Semana Santa starts rather unobtrusively on Monday. Schools are closed, but banks and most businesses are still open. Tuesday is pretty much the same. Grandmothers and their helpers here in the province of Guanacaste are busy preparing special foods that are mostly unique corn-based delicacies of indigenous descent, and sweet pudding-type treats made from fruit, sugar cane, and milk. The uncles are out back chopping down a coyol palm and cutting a hole in the trunk to collect palm wine, or “vino de coyol.” Harvested fresh, this is a sweet and pithy juice. Left to ferment, it is an instant hangover in a glass.

 You didn’t interpret “religious festival week” to mean “no alcohol” did you? Oh, good.

 By Wednesday, something is clearly going on. Fewer businesses are open. There’s no place to park at supermarkets which are crowded with people buying special Semana Santa beach supplies: soda crackers, canned tuna and sardines, coca cola, ice, rum, and lots of beer. There’s no place to park at the beach, either. Every car has their windows down and the music playing. Every available twig’s width of shade (because in Semana Santa there is not a leaf left on a tree) has a 3-generation family with picnic blankets, coolers and a few beach chairs parked under it. Maybe a few hammocks to string up somewhere so the babies can take naps.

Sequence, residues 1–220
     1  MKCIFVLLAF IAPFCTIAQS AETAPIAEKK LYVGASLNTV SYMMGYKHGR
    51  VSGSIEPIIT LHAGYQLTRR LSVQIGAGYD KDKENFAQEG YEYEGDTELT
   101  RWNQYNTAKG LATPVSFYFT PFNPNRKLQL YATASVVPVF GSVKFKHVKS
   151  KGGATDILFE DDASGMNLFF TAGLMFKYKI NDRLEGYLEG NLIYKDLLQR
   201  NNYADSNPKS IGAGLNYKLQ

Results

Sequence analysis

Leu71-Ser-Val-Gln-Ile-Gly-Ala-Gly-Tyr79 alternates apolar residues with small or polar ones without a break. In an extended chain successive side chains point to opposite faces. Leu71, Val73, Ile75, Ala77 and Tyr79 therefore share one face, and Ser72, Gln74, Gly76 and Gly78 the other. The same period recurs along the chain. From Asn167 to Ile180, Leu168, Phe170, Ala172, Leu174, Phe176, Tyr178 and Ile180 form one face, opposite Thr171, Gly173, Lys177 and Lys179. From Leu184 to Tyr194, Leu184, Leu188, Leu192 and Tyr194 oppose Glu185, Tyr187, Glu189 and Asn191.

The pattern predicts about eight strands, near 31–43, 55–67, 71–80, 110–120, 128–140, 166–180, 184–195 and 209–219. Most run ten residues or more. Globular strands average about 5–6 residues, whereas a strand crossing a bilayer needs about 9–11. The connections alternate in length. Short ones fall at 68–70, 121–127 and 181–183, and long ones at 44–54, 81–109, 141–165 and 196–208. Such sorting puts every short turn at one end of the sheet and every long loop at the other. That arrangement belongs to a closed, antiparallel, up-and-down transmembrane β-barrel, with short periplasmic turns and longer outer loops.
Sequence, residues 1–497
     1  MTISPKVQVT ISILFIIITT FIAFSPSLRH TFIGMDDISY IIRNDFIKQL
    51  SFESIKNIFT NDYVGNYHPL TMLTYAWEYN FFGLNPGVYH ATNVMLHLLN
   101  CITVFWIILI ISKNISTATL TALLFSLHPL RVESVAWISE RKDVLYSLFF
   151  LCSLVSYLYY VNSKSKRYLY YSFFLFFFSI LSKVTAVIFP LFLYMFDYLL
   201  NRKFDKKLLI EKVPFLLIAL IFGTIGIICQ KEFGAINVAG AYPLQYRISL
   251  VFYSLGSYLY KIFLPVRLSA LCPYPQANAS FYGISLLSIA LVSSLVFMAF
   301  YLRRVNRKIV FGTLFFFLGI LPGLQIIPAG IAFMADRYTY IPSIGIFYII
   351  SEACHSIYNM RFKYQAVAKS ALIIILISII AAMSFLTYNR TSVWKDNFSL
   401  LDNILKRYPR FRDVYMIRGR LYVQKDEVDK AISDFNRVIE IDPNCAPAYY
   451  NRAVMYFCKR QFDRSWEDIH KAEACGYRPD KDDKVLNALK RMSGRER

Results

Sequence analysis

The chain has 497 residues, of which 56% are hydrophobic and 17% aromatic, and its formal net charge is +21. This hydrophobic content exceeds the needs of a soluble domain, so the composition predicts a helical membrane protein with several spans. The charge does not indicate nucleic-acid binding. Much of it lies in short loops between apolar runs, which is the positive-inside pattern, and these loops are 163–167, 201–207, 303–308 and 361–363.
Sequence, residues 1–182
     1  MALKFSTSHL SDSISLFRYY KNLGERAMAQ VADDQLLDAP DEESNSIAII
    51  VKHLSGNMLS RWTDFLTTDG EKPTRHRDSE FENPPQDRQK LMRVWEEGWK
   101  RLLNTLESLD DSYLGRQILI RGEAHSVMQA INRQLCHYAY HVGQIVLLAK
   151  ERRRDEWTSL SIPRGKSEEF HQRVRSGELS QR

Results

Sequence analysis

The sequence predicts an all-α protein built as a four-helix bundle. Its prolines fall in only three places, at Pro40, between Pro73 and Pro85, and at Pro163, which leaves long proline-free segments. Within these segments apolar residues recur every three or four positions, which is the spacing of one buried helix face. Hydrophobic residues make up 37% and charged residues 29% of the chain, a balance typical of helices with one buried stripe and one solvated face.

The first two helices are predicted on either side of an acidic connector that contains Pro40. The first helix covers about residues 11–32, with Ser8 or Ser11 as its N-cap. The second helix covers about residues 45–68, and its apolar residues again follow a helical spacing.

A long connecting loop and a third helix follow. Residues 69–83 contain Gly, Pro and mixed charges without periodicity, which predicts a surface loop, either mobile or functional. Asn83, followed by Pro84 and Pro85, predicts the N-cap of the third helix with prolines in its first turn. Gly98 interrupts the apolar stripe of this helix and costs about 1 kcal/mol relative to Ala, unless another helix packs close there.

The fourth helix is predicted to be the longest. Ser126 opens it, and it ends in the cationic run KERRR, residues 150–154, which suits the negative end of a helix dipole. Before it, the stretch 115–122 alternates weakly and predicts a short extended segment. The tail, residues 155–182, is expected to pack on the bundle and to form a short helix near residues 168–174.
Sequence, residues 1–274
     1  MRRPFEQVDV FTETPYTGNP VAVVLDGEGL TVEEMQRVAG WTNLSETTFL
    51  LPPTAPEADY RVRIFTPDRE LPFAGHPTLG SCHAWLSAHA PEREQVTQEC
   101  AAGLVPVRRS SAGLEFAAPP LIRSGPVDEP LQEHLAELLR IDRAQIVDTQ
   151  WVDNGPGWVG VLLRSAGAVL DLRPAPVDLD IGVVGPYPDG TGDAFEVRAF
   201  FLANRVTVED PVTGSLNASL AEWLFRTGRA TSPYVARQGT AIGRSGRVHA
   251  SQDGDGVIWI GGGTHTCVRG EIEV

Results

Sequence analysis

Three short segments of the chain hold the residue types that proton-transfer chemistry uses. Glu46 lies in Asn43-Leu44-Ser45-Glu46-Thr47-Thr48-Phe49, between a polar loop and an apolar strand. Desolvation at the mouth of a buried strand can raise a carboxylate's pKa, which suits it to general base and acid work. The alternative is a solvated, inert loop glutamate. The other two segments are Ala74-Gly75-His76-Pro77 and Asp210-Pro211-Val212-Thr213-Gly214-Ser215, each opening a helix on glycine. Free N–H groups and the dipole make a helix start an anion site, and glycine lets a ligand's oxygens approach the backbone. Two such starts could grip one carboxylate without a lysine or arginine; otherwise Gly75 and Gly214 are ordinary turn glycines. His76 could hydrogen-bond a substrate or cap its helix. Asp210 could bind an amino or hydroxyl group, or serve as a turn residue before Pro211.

It’s festive. It’s lively. It’s overwhelming. It’s about to begin.

 On Thursday, the country, except for supermarkets and their delivery trucks, comes to a screaming halt. Even normal television programming is suspended and replace by days of Bible story-based films from the 1970s. And into the mix of local Costa Ricans from down the road, with Grandma, Aunt Maria and baby Jose, descends an astonishing influx of Costa Ricans from San Jose. This is a whole different population. They’re paler, more affluent, have fancier cars, louder stereos, funny accents, they forgot to bring trash bags again this year, and the young masculine segment of the population loves a bottle of rum and a good fight. It’s interesting.